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Physician Witnesses in Personal Injury Cases: Refuting Doctor Testimony, Exposing Bias

Ensuring Plaintiffs Comply With Rule 26(a)(2)(B)

Recording of a 90-minute CLE video webinar with Q&A

This program is included with the Strafford CLE Pass. Click for more information.
This program is included with the Strafford All-Access Pass. Click for more information.

Conducted on Wednesday, August 24, 2022

Recorded event now available

or call 1-800-926-7926

This CLE course will show counsel in personal injury cases, especially those involving pharmaceuticals or medical devices, how to depose, examine, or cross-examine who may be the most important witness at trial--the physician, surgeon, or dentist testifying as to causation. The program will provide alternatives to formulaic witness outlines and discuss how to unmask retained experts posing as treating physicians and put the focus squarely on the facts of the case.


Part I – A New Look at the Doctor Deposition

For years, defense counsel has accepted and followed the traditional Introduction, Credentials, Records Review, Opinion/Comment, and Thank You for Your Time, approach when taking the depositions of treating physicians. In so doing, attorneys have ignored the opportunity to take an offense-focused approach to doctor depositions.

The first part of the webinar will focus on moving away from the usual outline and taking a new look at how to depose a treating/prescribing physician. It will include methods to expose and unwind any ex parte meetings that may have tainted the testimony out of the gate; putting corporate documents into context; providing the physician an opportunity to bring a defense angle to the plaintiff's medical history; and reexamining when--and if--to qualify the physician.

Part II – Unmasking the "Expert" Treating Physician

Defense counsel face at least two significant challenges when dealing with the treating physician witness. First, for reasons the panel will discuss, juries presume that the physician, dentist, psychologist, or surgeon is objective, fair, and credible. Second, Federal Rule 26(a)(2)(C) exempts the treating physician from the more rigorous disclosures and requirements of Rule 26(a)(2)(B).

For over a decade, plaintiff counsel have overtly exploited these challenges to their advantage while defense counsel have ignored or accepted them with predictable results. Defense counsel, however, can do more than merely neutralize these tactics. With careful planning, they can reverse the presumptions and refocus the case on the plaintiff's injuries.

Part of the approach must be to unmask the retained expert masquerading as the treating physician. In federal court and many state jurisdictions, the plaintiff must present evidence that the defendant or its product caused the plaintiff's injury before presenting evidence of damages. By using the treating physician to provide causation testimony, plaintiffs have avoided producing the reports and disclosures required by Rule 26(a)(2)(B), by invoking the treating physician exception in Rule 26(a)(2)(C). But this is no more. Causation testimony must pass muster under Daubert, and treating physicians generally have not performed the required analysis and differential diagnosis.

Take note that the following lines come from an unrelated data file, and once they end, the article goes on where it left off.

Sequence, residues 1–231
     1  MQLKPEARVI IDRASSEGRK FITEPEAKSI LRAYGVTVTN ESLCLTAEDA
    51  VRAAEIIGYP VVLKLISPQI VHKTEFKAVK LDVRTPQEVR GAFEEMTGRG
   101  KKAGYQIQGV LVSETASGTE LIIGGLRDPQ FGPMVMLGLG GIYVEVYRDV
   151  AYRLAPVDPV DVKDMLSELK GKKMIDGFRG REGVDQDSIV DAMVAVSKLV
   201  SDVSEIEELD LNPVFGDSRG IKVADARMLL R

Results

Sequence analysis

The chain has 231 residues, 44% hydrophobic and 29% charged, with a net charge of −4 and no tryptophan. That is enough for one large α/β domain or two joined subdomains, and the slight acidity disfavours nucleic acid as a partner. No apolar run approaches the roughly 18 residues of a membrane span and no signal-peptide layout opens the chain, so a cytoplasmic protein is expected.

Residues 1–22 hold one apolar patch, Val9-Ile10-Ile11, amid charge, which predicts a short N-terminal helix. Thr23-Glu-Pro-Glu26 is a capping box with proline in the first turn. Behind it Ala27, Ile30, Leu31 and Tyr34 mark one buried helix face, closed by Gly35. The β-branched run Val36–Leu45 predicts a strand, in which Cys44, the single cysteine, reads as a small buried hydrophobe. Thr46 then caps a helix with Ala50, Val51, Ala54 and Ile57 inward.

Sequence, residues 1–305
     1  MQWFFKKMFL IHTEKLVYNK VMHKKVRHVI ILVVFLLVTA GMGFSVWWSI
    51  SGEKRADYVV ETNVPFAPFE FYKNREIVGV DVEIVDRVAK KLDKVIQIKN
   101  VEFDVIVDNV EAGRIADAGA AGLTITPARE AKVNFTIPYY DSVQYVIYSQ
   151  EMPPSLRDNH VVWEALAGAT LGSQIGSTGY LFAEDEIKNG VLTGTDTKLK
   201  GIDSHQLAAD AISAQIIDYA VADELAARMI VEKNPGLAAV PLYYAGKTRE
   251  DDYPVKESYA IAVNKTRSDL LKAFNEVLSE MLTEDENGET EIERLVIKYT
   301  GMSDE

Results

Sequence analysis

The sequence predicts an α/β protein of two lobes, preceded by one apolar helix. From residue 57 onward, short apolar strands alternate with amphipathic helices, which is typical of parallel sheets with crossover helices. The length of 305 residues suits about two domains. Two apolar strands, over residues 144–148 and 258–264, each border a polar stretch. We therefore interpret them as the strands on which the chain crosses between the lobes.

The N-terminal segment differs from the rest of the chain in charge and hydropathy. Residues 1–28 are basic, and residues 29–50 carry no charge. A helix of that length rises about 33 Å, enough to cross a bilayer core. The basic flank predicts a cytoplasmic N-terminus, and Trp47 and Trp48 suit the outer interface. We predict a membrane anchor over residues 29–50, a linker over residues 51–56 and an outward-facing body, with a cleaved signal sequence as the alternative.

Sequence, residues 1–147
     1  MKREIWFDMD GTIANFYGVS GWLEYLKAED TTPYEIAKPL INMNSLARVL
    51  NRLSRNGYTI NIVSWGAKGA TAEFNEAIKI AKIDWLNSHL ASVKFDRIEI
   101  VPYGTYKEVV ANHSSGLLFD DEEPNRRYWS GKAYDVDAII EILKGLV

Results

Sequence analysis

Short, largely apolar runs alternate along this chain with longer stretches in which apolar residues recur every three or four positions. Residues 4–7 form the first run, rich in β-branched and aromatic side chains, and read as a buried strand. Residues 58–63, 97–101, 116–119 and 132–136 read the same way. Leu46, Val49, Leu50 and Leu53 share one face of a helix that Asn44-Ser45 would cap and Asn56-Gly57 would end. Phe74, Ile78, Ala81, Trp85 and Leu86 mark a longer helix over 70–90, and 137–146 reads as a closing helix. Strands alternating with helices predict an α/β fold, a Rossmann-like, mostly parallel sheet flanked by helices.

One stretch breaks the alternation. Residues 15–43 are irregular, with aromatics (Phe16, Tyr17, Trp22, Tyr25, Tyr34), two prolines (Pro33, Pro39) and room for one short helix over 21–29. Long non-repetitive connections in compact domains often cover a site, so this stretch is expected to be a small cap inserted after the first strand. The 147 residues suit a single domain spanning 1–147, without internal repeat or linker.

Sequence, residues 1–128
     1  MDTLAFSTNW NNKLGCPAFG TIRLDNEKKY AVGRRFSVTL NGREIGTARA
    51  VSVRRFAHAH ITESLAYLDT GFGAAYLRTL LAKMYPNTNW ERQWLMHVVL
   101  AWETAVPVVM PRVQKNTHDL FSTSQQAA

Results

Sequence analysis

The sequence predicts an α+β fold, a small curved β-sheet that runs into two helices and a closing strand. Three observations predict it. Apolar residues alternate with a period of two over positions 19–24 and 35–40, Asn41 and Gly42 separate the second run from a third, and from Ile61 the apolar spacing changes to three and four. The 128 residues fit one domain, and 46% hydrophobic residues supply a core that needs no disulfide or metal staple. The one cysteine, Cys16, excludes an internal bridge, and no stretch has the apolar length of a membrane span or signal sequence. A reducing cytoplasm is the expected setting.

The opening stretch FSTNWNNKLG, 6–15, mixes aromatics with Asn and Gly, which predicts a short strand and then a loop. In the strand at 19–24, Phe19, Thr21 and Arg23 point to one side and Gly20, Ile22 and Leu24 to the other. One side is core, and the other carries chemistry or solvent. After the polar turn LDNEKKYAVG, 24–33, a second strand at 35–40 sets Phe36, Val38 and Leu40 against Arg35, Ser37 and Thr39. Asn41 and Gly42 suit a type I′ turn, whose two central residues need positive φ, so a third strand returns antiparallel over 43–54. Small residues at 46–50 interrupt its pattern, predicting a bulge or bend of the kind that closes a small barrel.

PART III – How to Work the "Expert" Treating Physician To Your Advantage at Trial

After you have taken the winning deposition and after you've worked diligently to unmask the "expert" treating physician through motion practice, how can you use the "expert" treating physician to your advantage. Depending on the venue, you may be able to designate parts of the deposition as trial testimony. In some jurisdictions, you may be able to take a new "trial" deposition (a de bene esse deposition). If the witness is within the subpoena power and is favorable, you may choose to call the treating physician live. Considerations on how to use the treating physician's testimony will depend on the role of the doctor in the case. Good use of treating physician testimony can mean victory in the case.

Listen as the expert panel discusses how to depose, examine, or cross-examine physicians in personal injury cases.



  1. Understanding how juries perceive doctors, surgeons, and other medical professionals
  2. The goals of examination and cross-examination
    1. Causation expert
    2. Treating physician
  3. Covering specific topics
    1. Demonstrating how the expert was denied the full record
    2. Cross-examination regarding preexisting conditions
    3. Using warnings, consent, expectations
  4. Rule 26(a)(2)(B) and Daubert


The panel will review these and other topics:

  • Why traditional lines of questioning no longer work
  • What facts can rebut presumptions of objectivity
  • How to uncover and expose bias
  • How does questioning at the deposition differ from trial examination


Hewes, Michael
Michael B. Hewes

Butler Snow

Mr. Hewes is an experienced litigator who practices in the firm’s Pharmaceutical, Medical Device and Healthcare...  |  Read More

Modak-Truran, Anita
Anita Modak-Truran

Butler Snow

Ms. Modak-Truran focuses her practice on representing pharmaceutical and medical device manufacturers in mass tort and...  |  Read More

Pepke, Amy
Amy M. Pepke

Butler Snow

Ms. Pepke is immediate past chair of the firm’s Appellate and Written Advocacy Practice Group. A particular focus...  |  Read More

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